Skip to content

Pillbox used in D-Day preparations is given new lease of life as a home for bats

Two Brown long-eared bats, Plecotus auritus, hanging upside down
Brown long-eared bats are among the species recorded at Dunwich Heath and Beach | © National Trust Images / Chris Damant

A German-style pillbox used in preparations for the D-Day landings at Dunwich Heath over 80 years ago is successfully being used as a home for some of Britain’s most protected bat species.

Today, Dunwich Heath and Beach is a peaceful wildlife haven but during the Second World War, it was a militarised zone that provided a vital training area for the British army.

In 1943, the heath featured trenches, minefields, barbed wire and anti-tank measures designed to mimic German defences. It was known as Exercise Kruschen and was one of the most significant military exercises of the time, helping British armed forces to test the ways that German defences could be breached in preparation for D-Day, when Allied troops successfully ‘landed’ in occupied Europe.

80 years on, only a small percentage of these structures still remain on the heath, which was acquired by the National Trust in 1968.

Dunwich Heath is now a place of tranquility and peace and a highly designated habitat, home to many special and protected species including the Dartford warbler, nightjar, woodlark and antlion.

In 2011, bat surveys carried out at Dunwich Heath recorded nine different species of bat - half of the 18 species found in the UK – and some are now roosting in part of its remaining military heritage: a converted German-style pillbox.

Regular monitoring and surveys have recorded healthy populations of a number of different bat species, including Pipistrelle (Common, Soprano and Nathusius), Brown Long-eared, Noctule, Serotine, Daubentons, Natterer’s Bat and the Barbastelle, which is considered one of the UK’s most vulnerable species.

Painting of Exercise Kruschen featuring the 'snake' flame thrower at Dunwich in the 1940s
A painting by Edward Bawden showing tanks, flame-throwers and soldiers in action at Dunwich | © Edward Bawden/Imperial War Museums

In 2012, Sue Morgan, a qualified ecologist and licensed bat worker for Natural England, teamed up with the Dunwich’s Property Operations Manager, Richard Gilbert, who was then Area Ranger, to assess whether one of the few remaining German-style pillboxes, located at the southern end of the heathland, could be used as a potential roosting site.

Permission was granted to modify the pillbox to create a hibernaculum – an underground chamber that provides a stable temperature and moist humidity for bats to roost in, creating shelter and reducing the risk of interference from other mammals.

To do this, Richard and a team of conservation volunteers repaired and sealed the existing apertures to help stabilise the environment, before creating a few new slits for the bats to use as access. They also installed specially designed bat bricks for the bats to crawl into.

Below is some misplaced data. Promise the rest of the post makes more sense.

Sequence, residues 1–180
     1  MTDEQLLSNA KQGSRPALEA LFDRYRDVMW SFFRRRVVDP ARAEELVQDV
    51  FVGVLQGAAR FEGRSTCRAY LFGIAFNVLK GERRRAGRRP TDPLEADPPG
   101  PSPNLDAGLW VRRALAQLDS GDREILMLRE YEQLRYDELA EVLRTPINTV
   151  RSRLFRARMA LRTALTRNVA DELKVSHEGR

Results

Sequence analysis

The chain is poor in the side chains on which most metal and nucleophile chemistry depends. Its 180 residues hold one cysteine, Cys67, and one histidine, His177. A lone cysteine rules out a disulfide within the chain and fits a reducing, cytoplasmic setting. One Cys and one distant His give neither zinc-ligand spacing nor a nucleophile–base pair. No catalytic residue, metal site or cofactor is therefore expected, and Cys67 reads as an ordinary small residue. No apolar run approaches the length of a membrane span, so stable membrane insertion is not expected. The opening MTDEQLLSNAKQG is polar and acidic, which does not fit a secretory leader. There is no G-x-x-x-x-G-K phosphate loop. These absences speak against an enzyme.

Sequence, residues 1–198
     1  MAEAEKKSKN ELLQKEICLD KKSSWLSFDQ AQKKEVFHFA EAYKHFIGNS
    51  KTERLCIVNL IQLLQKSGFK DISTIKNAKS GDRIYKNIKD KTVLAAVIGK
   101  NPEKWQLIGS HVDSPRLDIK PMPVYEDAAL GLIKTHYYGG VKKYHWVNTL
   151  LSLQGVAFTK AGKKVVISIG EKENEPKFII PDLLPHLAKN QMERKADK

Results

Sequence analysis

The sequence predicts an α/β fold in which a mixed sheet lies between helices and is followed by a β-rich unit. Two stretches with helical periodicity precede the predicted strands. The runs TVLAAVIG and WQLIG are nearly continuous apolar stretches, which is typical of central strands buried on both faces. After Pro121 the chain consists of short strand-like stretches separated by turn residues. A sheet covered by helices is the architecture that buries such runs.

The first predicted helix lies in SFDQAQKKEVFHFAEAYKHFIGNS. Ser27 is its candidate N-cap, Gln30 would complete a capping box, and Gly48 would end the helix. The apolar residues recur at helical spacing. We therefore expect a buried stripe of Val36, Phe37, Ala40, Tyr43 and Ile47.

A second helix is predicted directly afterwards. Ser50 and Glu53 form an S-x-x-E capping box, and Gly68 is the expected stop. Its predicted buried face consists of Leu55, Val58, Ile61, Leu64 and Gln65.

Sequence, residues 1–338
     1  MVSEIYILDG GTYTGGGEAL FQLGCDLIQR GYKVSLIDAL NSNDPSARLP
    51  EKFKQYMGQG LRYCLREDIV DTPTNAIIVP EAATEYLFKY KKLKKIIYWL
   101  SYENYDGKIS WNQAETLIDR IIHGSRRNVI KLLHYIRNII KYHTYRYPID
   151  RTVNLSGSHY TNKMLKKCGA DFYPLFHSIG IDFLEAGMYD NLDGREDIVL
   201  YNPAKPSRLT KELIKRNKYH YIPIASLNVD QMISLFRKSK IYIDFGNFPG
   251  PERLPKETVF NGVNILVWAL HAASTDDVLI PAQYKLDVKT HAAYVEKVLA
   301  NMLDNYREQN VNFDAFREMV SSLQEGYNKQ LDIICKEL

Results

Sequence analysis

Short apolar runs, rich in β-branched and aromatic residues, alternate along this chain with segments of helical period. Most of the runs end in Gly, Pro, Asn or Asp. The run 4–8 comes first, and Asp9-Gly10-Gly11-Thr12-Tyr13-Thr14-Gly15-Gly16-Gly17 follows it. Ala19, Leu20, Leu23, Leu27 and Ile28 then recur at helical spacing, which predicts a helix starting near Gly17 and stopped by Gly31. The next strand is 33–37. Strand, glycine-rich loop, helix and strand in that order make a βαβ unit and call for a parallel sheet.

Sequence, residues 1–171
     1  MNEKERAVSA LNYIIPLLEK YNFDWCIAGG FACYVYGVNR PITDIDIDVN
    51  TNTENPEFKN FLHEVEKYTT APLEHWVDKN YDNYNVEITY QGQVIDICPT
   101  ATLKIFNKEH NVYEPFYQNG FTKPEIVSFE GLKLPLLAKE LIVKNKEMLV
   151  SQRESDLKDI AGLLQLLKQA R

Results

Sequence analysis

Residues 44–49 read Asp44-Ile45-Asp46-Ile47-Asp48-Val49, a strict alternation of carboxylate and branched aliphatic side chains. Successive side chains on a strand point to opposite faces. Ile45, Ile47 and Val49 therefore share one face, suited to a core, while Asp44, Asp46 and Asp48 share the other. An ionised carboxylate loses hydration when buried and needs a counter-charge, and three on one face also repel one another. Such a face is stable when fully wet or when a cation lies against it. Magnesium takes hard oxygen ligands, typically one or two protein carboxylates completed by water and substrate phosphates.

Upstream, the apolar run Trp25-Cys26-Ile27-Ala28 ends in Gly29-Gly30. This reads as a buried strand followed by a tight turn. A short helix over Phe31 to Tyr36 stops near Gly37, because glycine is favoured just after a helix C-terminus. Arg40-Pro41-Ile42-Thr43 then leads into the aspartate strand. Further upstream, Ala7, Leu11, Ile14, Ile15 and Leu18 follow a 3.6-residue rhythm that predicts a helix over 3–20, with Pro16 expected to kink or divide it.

Richard Gilbert kneeling inside a Second World War pillbox as he affixes panels to transform it into a bat hibernaculum at Dunwich Heath
Richard Gilbert converting the pillbox | © National Trust Images

Since then, Brown Long-eared and Natterer’s bats have been found to roost inside, with regular checks carried out. The most recent survey, conducted in February 2024, revealed that the former pillbox is currently home to several Brown Long-eared bats.

This year, the team at Dunwich Heath are planning further improvements to the hibernaculum, including installing a monitor to better gauge the moisture and temperature levels inside.

The team will also be hosting bat walks on Saturday 13 July and Saturday 17 August, which will include an evening walk around the heath and a chance for visitors to learn more about the different species that live there.

Richard Gilbert, Property Operations Manager at Dunwich Heath and Beach, says: “Dunwich is not just heathland – it's scrub, woodland, wetland, margins and coast, which makes it the ideal habitat for an incredible and diverse range of species, including the nine species of bat we've been able to identify over the past 10 years.

“Converting the pillbox into a hibernaculum has been a fantastic way to honour Dunwich’s lasting heritage. Lots of visitors are surprised by the significant contribution the heath made to the D-Day landings, and 80 years on, the pillbox is one of the very few remaining Second World War structures we have here.

“By repurposing it into a bat hibernaculum we’ve been able to not only extend its legacy but also encourage nature to thrive and support the wider biodiversity of the heath and woodlands.”

Angus Wainwright, Regional Archaeologist for the National Trust, said: “It was great to work with Richard and his team to bring together the preservation of an important historic structure with the conservation of some threatened species. It is a really good example of the National Trust’s holistic approach to managing its sites.”

Children playing outside coastguard cottages at Dunwich Heath and Beach in Suffolk

Find out more about Dunwich Heath

Find out how to get to Dunwich Heath, where to park, things to see and do, and more.